Home » Nutrition for Athletes Part 4: Eating on the Road

Nutrition for Athletes Part 4: Eating on the Road

 

Submitted by Amy Sercel MS RD CD

Edited by Marcia Bristow MS RDN CSSD CD

Whether you’re traveling for a competition or simply having a night out with friends or family, there will undoubtedly be times that you find yourself eating away from home.  In times like these, it may be challenging to find foods that fit with your nutritional goals.  Even when you’re away from home, you still need to think about getting a balance of carbohydrates, protein, and fat in each meal and snack.  Carbohydrates, found in foods like whole grains, fruits, vegetables, and dairy products, will provide the fuel you need before exercise and replenish your muscle glycogen stores after a workout.  Lean protein, found in foods like chicken, beef, fish, eggs, and dairy products, provide the building blocks your muscles need to grow and repair themselves.  Healthy fats found in olive and canola oils, avocadoes, and nuts, help you meet your calorie needs and absorb the fat-soluble vitamins A, D, E, and K.1

The best way to make sure you’ll eat well-rounded meals and snacks is to plan ahead.  If you’re traveling, pack a few snacks so you won’t get too hungry between meals.  Some easily transportable foods include:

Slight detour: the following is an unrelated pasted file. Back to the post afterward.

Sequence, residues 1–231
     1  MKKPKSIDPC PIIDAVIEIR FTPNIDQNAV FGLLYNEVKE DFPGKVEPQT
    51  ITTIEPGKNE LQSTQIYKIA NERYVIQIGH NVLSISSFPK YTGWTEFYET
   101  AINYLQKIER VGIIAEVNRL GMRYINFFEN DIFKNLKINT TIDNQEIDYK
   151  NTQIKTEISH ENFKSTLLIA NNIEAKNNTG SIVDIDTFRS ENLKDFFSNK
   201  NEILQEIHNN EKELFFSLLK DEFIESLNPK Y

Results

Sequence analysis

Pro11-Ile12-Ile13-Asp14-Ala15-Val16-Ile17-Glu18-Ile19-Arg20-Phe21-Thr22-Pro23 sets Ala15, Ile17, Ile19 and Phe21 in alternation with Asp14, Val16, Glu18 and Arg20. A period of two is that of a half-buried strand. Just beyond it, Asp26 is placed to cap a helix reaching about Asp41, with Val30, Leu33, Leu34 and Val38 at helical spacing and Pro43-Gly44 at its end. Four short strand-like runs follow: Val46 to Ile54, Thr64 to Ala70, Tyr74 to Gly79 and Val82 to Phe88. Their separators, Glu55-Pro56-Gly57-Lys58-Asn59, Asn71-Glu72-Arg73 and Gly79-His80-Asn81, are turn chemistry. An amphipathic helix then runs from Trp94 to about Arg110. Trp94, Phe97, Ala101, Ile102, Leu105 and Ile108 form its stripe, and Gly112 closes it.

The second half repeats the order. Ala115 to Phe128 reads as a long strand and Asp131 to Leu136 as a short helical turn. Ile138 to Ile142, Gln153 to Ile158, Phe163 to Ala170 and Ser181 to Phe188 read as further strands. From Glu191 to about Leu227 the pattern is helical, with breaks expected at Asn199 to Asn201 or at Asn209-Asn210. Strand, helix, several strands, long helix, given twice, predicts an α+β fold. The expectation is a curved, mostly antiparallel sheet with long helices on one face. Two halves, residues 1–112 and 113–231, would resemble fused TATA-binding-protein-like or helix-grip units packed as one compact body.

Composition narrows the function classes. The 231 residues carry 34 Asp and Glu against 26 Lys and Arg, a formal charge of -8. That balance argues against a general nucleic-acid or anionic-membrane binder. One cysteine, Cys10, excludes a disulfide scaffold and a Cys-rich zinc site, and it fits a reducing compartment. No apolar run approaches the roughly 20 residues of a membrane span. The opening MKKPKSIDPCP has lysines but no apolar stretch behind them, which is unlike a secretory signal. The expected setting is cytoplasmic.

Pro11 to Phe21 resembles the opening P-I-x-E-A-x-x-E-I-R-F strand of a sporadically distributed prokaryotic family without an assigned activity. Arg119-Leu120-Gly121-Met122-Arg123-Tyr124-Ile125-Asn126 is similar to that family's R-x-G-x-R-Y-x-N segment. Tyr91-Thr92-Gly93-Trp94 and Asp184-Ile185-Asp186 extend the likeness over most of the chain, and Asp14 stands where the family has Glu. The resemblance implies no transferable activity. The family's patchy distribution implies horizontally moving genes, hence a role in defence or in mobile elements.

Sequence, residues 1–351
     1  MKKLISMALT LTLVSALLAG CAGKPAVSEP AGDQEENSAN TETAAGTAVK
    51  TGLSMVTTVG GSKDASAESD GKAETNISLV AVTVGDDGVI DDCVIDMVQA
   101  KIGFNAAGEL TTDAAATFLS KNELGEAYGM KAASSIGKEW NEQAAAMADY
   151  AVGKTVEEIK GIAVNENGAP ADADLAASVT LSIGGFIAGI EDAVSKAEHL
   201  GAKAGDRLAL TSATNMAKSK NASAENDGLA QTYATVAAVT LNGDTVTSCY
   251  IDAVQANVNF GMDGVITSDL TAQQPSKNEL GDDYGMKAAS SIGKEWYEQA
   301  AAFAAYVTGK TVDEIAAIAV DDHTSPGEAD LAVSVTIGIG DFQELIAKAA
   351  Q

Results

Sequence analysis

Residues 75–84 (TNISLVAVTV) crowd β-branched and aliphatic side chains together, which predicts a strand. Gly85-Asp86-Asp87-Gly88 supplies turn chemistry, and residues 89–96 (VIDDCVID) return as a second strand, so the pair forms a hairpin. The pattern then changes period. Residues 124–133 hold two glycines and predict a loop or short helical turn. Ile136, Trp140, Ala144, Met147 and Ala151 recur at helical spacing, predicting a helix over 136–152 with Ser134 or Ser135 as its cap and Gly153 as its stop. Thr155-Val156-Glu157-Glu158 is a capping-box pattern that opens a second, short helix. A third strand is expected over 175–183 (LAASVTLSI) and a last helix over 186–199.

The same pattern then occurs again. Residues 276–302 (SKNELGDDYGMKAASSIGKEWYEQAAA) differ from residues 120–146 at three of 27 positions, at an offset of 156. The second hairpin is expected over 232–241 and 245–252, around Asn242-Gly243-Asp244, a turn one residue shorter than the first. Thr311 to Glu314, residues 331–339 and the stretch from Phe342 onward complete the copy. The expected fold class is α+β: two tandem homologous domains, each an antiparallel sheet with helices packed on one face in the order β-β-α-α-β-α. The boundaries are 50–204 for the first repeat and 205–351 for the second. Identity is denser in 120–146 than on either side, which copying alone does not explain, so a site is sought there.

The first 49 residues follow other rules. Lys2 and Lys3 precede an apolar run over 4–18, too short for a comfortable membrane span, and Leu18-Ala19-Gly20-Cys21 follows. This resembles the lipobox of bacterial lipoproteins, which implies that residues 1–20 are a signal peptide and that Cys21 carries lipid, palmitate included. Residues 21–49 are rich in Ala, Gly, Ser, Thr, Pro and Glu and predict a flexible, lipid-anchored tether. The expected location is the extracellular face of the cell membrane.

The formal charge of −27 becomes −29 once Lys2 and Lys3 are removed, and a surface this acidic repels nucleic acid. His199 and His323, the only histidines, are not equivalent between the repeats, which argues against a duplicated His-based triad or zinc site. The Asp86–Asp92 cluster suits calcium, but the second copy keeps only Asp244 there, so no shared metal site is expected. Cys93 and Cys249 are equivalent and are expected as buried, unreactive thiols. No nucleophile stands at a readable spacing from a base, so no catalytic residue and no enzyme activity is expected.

• Trail mix with nuts and dried fruit
  • Whole-wheat bagels spread with nut butter
  • Fresh vegetables with hummus
  • Low-fat yogurt with granola
  • String cheese and a piece of fruit

If you’ll need to stop at a restaurant for a meal, look for restaurants along the route you’ll be driving before you leave your home.  Check to see if the restaurant’s menu is online so you can get a good idea of the different options you could order, and consider whether the restaurant will let you make a substitution if the original meal won’t meet your nutrition goals.  Some healthy ideas could be:1

  • A burrito with grilled vegetables and lean protein, such as chicken, steak, or fish
  • A sandwich, hamburger, or veggie burger with lettuce and tomato
  •  A grilled chicken salad with low-fat dressing
  • Vegetable soup with a turkey sandwich

You should also feel free to ask the chef to prepare your food differently than written on the menu.  Most restaurants will make an effort to prepare foods exactly how you want them and are used to customers asking for their meals to be individualized in some way.  For example, ask for a side of vegetables instead of French fries when getting lunch, or order whole grain toast instead of a biscuit at a breakfast restaurant.  If something comes fried, ask if you can get it grilled, broiled, or baked instead.  If a salad comes with dressing on it, ask that the dressing be left on the side so you can choose the amount you’ll use.

Eating away from home doesn’t mean you’ll have to sacrifice your nutrition goals!  Planning ahead and making substituting healthier options will allow you to make sure you get the nutrients you need to prepare you for your workout or competition.

References:

  1.  Sports, Cardiovascular, and Wellness Nutrition. Eating on the Road. 2012.

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